word "Court" has been defined to mean:
" "Court" means a principal
Civil Court of original jurisdiction, and includes the Court of any Additional
Judge, Subordinate Judge or Munsif whom the State Government may appoint, by
name or by virtue of his office, to perform concurrently with any such
principal Civil Court, all or any of the functions of the Court under this Act
within any specified local limits and, in the case of a Munsif, up to the
limits of the pecuniary jurisdiction with which he is vested under section 19
of the Bengal, Agra and Assam Civil Courts Act, 1887." Section 1 1
provides that "save as otherwise expressly pro- vided in this Act, no
decision or order made in exercise of any power conferred by or under this Act
shall be called in question in any Court." It seems to us that if any
order is made for any collateral purpose or has been made for purposes not
mentioned in s. 3 or is mala fide, it can always be challenged.
We are, therefore, of the opinion that it is
difficult to hold that restrictions imposed by the impugned Act are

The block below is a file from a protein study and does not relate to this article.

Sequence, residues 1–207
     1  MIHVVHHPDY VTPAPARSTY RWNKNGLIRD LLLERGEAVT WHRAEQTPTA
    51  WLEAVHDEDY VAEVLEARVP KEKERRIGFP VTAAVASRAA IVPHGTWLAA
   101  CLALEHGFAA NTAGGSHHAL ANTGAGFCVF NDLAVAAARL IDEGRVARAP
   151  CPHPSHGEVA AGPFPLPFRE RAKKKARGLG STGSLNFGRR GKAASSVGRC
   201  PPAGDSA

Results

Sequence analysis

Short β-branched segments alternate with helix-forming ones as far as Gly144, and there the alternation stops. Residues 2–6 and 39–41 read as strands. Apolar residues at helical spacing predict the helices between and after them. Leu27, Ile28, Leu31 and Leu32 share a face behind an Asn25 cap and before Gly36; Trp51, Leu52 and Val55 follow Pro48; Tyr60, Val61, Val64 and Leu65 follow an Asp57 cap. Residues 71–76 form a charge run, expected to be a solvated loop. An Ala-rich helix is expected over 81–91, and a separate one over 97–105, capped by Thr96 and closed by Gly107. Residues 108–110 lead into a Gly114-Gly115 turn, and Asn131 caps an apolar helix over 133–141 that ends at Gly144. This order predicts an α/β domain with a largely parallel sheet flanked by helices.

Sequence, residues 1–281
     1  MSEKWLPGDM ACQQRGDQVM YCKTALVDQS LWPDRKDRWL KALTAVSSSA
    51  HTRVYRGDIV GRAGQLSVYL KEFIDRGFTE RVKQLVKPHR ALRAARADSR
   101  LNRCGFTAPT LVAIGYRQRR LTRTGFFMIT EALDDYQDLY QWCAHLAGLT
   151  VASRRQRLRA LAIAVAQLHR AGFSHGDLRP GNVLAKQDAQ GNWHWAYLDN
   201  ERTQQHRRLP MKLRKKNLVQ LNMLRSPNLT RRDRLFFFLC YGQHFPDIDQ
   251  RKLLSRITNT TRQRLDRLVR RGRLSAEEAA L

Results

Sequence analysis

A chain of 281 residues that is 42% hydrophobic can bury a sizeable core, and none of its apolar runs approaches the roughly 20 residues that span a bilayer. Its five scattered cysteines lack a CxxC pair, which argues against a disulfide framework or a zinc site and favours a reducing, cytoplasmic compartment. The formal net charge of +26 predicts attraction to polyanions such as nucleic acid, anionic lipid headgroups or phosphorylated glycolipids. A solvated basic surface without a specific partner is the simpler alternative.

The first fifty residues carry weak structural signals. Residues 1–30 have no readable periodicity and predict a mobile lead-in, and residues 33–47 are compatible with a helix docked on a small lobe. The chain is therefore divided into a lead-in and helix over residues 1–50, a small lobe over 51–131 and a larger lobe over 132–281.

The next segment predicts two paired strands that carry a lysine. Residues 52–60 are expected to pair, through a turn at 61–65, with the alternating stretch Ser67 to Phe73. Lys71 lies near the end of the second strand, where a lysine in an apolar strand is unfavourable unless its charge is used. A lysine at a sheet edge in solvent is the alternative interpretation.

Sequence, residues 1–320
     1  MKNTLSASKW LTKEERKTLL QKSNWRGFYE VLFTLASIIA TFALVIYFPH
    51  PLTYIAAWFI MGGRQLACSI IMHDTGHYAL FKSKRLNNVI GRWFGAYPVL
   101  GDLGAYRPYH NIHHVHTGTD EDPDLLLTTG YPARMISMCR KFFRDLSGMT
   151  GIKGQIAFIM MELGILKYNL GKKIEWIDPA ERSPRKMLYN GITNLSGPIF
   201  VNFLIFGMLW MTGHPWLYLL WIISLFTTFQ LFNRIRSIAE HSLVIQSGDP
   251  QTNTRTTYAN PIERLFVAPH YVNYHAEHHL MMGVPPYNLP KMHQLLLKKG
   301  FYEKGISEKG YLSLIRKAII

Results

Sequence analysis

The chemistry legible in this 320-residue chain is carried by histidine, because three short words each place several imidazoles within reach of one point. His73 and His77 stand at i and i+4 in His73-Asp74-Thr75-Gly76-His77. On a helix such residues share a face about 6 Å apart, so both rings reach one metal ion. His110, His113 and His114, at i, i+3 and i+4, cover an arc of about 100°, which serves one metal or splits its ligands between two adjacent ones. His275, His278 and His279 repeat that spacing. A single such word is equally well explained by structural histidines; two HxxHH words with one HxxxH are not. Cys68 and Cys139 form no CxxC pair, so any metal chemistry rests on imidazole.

unreasonable. Fair compensation has been provided for requisitioning, which is
determinable by a Civil Court and ultimately by the High Court ,or the Supreme
Regarding the necessity for requisitioning it
must necessarily be left to the State Government. It is true that there is no
express provision to make a representation against an order of requisition but
there is no bar to a representation being made after an order is served under
s.3 (2) of the Act. We have no doubt that if the representation raises a point
which overrides the public purpose it would be favourably considered by the
State Government or other Government authorities as the case may be.
Accordingly the question referred to us is
answered in the negative. The case will now go back to the Division Bench for
disposal according to law.
V.P.S. Act held intra vires.